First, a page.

A Revenge Fantasy, Except It's Reality: The New York Times, January 28, 2006 196

Mr. Skilling, for the Defense: The New York Times, April 15, 2006 200

Fastow's Long Walk to Less Time: The New York Times, September 30, 2006 203

11 The Quantitative, Data-Based, Risk-Massaging Road to Riches: The New York Times Magazine, June 5, 2005 207

12 If It's Good for Philip Morris, Can It Also Be Good for Public Health?: The New York Times Magazine, June 18, 2006 224

13 The Cufflinks That Went to China 243

The Board Wore Chicken Suits:The New York Times, May 27, 2006 244

Overstock's Campaign of Menace: The New York Times, February 15, 2006 248

After Five Years, His Voice Can Still Crack: The New York Times, September 9, 2006 252

Give Me a Double Shot of Starbucks Nostalgia: The New York Times, March 3, 2007 255

Our Love-Hate Relationship with Wal-Mart: The New York Times, November 5, 2005 259

The Cufflinks That Went to China: The New York Times, January 21, 2006 262

14 Return of the Raider: Fortune, May 27, 2002 267

Acknowledgments 283

Index 287

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Customer Reviews

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  • Anonymous

    Posted November 18, 2013

    Revan to Seer

    Here's the storyline: Your character wakes up on the Endar Spire, a ship that's under attack by Sith forces. (I almost said Seperatist. :o) As you stand there in your underwear, looking shocked, Trask Ulgo comes in and outlines the basics of your gear and whatnot. You battle through the ship, killing sith until Trask traps himself in a room with a Sith to get you off the ship alive. Then you're on your own. You get to the escape pods, blast off, and crash on Taris, which has three levels. Upper City, where the rich live, Lower City, where the poor live, and Under City, the place of Rakghouls and treacherous-wedgies. You are stuck with Carth Onsai, a part-time str<3>ipper and Republic officer. (Joking about being a stri<3>pper.) You guys have to rescue Bastila. You find a way to get to the Lower City, and you agree to steal back a prototype Swoop accelerator from the Black Vulkars for the Hidden Beks, in exchange for help getting Bastila back. You are told to find Mission Vao, who is most probably in the Under City. Anyways, eventually you find her, and she agrees to get you into the Vulkar base if you rescue the Gamor-whatsit kidnapped Zaalbar. You do, find him in the sewers, blah, blah. You kill a rancor, get the swoop part, race and win Bastila. Then Canderous Ordo, an enforcer for Davik, tells you if you get the Taris passcodes (Taris is under quarantine by the Sith.) he'll get Davik's ship. You do, kill Davik, take his ship, go to Dantooine, where a Jedi enclave resides. You learn to be a Jedi, and turn Juhani back from the dark side. You get a lightsaber, go into some ruins, and find one of five Star Maps. If you active all five, it'll tell you where the Star Forge is, which is what Malak is using to produce ships and beat the Republic. You go to various planets, get them all, but get captured before you get the last one by Malak. You escape, but Bastila copies Trask Ulgo and traps herself with Malak for you to escape. You get the last one, find the Star Forge, but crash into a planet. (STUPID CARTH.) You get back off, and the Republic is attacking the Star Forge because of a previous transmission Carth sent before he crashed you into a planet. You inflitrate the Star Forge, turn Bastila back from the dark side, blow it up, and live happily ever after.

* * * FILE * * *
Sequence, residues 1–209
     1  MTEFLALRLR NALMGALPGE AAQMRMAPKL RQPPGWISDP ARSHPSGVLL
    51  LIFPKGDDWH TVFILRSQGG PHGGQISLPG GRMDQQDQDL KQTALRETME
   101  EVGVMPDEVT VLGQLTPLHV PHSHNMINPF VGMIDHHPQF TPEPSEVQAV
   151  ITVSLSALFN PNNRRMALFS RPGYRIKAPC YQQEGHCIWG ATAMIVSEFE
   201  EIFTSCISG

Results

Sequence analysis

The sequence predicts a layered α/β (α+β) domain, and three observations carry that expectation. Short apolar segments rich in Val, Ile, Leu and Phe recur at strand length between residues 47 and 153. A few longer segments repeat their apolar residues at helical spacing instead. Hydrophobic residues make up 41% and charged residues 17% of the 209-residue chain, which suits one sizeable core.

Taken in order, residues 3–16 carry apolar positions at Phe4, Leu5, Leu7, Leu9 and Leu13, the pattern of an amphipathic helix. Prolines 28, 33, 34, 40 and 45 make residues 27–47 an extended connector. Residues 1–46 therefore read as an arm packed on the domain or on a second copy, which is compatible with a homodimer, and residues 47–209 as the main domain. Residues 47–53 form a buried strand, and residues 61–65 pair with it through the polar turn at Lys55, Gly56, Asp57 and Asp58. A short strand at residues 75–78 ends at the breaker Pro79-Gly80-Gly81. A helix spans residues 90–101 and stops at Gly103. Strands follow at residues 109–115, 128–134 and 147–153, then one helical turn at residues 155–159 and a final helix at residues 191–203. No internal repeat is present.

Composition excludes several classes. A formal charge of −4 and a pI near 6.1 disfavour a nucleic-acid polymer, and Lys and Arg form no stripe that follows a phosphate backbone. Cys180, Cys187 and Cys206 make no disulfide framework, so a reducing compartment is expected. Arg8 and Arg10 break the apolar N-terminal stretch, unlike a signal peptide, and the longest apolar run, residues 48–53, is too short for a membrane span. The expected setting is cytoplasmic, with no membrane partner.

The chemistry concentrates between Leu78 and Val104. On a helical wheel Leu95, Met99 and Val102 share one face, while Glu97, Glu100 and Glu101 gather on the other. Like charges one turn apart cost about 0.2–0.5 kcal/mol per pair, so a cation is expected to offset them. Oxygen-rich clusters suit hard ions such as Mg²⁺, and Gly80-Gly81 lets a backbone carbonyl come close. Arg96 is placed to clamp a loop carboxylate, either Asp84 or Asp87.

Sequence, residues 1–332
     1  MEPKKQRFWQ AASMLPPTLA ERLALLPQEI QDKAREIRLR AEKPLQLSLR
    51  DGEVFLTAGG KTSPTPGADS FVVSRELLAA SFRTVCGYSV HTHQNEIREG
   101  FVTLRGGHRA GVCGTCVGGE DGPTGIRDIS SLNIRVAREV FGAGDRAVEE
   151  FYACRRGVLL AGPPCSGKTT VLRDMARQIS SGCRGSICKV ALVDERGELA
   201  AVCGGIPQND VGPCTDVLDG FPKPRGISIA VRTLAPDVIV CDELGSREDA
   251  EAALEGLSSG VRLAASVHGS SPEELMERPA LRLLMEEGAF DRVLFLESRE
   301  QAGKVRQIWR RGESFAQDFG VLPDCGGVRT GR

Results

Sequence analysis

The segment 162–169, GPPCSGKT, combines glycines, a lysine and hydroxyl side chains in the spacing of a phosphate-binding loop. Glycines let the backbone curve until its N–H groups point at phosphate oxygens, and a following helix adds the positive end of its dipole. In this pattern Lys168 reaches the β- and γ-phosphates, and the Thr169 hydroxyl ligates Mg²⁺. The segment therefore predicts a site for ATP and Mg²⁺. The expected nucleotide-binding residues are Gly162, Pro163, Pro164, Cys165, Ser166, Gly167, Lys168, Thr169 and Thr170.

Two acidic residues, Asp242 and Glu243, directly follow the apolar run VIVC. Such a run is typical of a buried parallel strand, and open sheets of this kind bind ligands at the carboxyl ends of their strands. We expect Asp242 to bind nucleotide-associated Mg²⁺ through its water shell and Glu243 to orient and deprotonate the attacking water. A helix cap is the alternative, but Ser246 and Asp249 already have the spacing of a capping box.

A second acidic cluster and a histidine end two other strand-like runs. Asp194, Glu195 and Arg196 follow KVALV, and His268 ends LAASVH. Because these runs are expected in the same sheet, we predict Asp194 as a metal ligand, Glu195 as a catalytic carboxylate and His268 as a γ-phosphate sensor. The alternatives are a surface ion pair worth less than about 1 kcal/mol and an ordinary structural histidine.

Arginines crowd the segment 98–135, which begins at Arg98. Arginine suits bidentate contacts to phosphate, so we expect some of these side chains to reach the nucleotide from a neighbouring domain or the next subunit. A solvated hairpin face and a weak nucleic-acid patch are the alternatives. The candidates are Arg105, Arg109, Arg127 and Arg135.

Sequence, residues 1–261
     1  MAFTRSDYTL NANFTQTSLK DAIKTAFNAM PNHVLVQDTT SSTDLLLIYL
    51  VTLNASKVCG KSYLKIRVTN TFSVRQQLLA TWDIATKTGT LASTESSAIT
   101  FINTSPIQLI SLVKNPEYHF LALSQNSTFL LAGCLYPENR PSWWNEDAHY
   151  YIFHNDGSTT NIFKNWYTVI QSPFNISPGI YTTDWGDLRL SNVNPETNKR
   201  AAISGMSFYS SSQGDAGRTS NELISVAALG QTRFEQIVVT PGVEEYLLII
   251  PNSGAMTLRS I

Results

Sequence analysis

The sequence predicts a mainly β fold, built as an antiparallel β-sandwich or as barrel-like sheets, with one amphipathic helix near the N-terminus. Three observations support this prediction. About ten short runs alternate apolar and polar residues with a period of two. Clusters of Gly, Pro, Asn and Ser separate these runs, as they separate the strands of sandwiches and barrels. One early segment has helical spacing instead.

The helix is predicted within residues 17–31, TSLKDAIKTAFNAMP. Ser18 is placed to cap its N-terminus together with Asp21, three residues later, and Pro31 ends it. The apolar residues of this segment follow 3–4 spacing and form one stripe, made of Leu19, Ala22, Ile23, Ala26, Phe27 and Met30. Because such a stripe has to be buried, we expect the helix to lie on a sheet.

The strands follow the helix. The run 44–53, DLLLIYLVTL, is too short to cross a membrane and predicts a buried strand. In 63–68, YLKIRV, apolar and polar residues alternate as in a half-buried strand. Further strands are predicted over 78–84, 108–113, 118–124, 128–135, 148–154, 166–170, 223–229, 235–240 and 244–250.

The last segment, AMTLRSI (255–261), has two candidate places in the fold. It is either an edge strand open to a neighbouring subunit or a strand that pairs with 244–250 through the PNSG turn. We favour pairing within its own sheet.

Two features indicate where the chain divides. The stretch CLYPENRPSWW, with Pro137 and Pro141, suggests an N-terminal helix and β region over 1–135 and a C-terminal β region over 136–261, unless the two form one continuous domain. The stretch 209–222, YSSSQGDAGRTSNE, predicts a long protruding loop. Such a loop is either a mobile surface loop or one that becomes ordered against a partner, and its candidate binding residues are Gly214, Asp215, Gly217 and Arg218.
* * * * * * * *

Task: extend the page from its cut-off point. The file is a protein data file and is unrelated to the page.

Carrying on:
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  • Posted March 16, 2009

    Great read of J.Nocera's collection of articles.

    There were several enjoyable articles but the Good Guy of them all for me happens to be James J.Dunne III of Sandler & O'Neill Partners. Although I've always felt that Michael Milken got a raw deal, I thoroughly enjoyed the articles on Michael.
    Good read. Good reread.